Hurricane Michael caused production losses totaling $158 million for Florida’s agricultural industries in the 2018-19 growing season, according to economists with the University of Florida Institute of Food and Agricultural Sciences.
The dollar estimate, along with more detailed information, has been forwarded to state and federal agencies to facilitate relief efforts, said Jack Payne, UF senior vice president for agriculture and natural resources.
“No one understands the magnitude of this disaster more fully than our UF/IFAS Extension agents based in the Panhandle,” Payne said. “They rose to the occasion and connected with farmers, landowners and property managers to obtain raw data concerning the status of their crops before and after Hurricane Michael struck. We even used drones to obtain aerial images of crop fields. Then, the UF/IFAS Economic Impact Analysis Program team extrapolated from the raw data to produce a comprehensive figure for the entire affected area. To ensure that their calculations were accurate, the team engaged in discussions with state agencies, commodity groups and other academic experts to obtain their input.”
The $158 million figure represents lost sales revenues that producers would have received during the 2018-19 growing season if the storm hadn’t impacted them. Economists use the term “losses” to describe this outcome, said Christa Court, an assistant scientist with the UF/IFAS food and resource economics department and EIAP assistant director.
“Our analysis did not address clean-up costs, repair and replacement costs for damaged property, medical and veterinary expenses, or any long-term economic effects of the hurricane,” Court said. “We needed to focus initially on developing the loss estimates needed for relief efforts, but we intend to continue to develop estimates for the broader economic impacts of the hurricane. County-level estimates will be released in the very near future.”
Nearly 1 million acres of agricultural crops, not including timber, were impacted throughout the Panhandle, Court said.
The economic analysis team calculated crop loss estimates for 25 Florida counties, for commodities that included field crops, row crops, vegetables, fruits, tree nuts, greenhouse and nursery crops, as well as beef, dairy, poultry and other animal products, she said. The most serious impacts occurred in Bay, Calhoun, Franklin, Gadsden, Gulf, Jackson, Liberty and Washington counties, which experienced hurricane-force winds of 111 to 155 miles per hour, corresponding to the Category 3 and 4 hurricane ranges.
Virtually all of the state’s cotton crop was wiped out, with losses totaling $51 million on more than 145,000 impacted acres. When the hurricane made landfall in Bay County on Oct. 10, annual harvesting efforts had just begun, and more than 90 percent of the crop remained in the field.
More than 245,000 acres of peanut were impacted, resulting in losses of $22 million.
Field corn, which saw a 100 percent loss on many farms where harvesting was not already completed, had more than 66,000 acres impacted and losses totaling $5 million.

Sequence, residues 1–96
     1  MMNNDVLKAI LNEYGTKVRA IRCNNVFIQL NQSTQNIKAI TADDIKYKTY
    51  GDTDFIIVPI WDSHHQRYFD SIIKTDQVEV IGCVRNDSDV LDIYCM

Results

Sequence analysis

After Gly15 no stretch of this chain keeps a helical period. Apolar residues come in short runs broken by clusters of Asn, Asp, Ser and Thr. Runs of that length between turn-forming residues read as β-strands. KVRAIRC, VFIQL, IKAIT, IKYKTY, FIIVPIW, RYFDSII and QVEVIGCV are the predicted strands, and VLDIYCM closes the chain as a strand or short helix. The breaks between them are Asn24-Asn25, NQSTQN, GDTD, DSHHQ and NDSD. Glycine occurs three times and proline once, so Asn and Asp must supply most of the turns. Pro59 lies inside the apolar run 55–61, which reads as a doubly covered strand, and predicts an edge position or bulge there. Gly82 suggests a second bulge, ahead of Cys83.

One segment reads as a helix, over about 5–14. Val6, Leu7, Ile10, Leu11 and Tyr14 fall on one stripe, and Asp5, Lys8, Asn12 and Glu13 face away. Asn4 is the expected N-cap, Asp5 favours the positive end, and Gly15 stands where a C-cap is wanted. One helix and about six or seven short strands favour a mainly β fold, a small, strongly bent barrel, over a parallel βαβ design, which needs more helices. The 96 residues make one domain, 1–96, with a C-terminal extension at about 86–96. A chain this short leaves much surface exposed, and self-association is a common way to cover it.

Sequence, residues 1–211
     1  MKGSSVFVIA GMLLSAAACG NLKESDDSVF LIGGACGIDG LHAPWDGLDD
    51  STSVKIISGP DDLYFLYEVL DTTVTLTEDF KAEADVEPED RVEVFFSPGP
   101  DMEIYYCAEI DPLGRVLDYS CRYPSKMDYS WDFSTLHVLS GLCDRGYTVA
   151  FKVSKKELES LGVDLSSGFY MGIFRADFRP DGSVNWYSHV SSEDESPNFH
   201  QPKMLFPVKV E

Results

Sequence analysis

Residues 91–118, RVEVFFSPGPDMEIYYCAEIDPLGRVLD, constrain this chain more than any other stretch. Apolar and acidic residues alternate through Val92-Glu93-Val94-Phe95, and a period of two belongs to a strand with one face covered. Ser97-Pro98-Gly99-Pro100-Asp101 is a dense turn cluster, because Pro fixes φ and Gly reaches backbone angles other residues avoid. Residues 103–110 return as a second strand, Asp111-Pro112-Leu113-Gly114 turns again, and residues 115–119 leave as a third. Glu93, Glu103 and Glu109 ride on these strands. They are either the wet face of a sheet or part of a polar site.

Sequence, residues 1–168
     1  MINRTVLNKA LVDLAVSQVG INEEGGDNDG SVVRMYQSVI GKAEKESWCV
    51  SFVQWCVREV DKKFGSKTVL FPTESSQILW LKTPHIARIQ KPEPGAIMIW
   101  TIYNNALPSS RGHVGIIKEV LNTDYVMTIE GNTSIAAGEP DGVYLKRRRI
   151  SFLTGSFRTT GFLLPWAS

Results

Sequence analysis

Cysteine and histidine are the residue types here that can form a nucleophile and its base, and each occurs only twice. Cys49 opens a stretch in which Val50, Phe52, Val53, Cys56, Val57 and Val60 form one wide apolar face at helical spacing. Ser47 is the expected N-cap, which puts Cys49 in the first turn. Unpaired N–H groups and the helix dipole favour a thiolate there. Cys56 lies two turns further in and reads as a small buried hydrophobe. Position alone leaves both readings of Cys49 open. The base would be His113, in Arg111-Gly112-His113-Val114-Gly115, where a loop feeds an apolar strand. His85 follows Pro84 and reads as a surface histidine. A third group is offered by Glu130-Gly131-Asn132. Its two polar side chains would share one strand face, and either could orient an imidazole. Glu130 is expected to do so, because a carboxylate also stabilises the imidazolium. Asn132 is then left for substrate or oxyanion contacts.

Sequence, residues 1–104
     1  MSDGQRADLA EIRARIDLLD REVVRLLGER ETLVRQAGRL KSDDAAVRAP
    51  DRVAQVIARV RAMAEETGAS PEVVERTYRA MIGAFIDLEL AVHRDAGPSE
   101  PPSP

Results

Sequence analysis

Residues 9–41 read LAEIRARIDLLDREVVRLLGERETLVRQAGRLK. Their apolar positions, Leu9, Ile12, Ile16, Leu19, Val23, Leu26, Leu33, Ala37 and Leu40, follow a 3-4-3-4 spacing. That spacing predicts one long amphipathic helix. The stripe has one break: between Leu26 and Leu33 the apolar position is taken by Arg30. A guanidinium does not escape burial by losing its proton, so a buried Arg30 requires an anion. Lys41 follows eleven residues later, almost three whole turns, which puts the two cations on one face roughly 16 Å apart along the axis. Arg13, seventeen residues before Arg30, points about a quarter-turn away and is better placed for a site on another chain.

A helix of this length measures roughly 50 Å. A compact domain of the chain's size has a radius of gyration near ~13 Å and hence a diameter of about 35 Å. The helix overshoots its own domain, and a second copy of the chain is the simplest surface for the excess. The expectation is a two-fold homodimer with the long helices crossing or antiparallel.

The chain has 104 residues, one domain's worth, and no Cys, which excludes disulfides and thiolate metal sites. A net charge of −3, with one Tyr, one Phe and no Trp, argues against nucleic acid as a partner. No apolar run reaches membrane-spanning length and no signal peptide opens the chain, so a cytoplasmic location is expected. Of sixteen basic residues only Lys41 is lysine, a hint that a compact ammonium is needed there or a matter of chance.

The oat crop in the region had losses totaling $600,000, with more than 30,000 acres impacted.
Hay had the greatest acreage impacted – a total of 247,000 acres, with losses of $2 million.
Specialty crops in the Panhandle also suffered significant losses, including $39 million for greenhouse, nursery and floriculture production, $9 million for vegetables and melons, $4 million for fruits and $3 million for tree nuts including pecans.
Field reports indicate that a significant number of livestock animals went missing after the hurricane, including beef cattle, deer, horses and hogs. Most of the animals disappeared from sites with damaged fencing or enclosures. Total production losses for the expected three to six weeks of disruption to animal agriculture operations in the region were estimated at $23 million.
In addition, the Florida Forest Service, a division of the state Department of Agriculture and Consumer Services, estimated Florida’s timber losses at $1.29 billion for pine, mixed upland hardwood and bottomland hardwood timber across a total of 2.81 million acres, in a report released Oct. 19. These figures represent timber that would normally be harvested over several years, Court said, and should not be viewed as a one-year loss figure. Therefore, total timber losses caused by Hurricane Michael cannot be directly compared with agricultural crop losses involving plants that are grown and harvested in a single year, such as cotton.
The UF/IFAS economists concluded that Hurricane Michael was the most serious natural disaster to impact agricultural and natural resources industries in the Florida Panhandle in decades.
The mission of the University of Florida Institute of Food and Agricultural Sciences is to develop knowledge relevant to agricultural, human and natural resources and to make that knowledge available to sustain and enhance the quality of human life. With more than a dozen research facilities, 67 county Extension offices, and award-winning students and faculty in the UF College of Agricultural and Life Sciences, UF/IFAS works to bring science-based solutions to the state’s agricultural and natural resources industries, and all Florida residents. Visit the UF/IFAS web site at ifas.ufl.edu and follow us on social media at @UF_IFAS.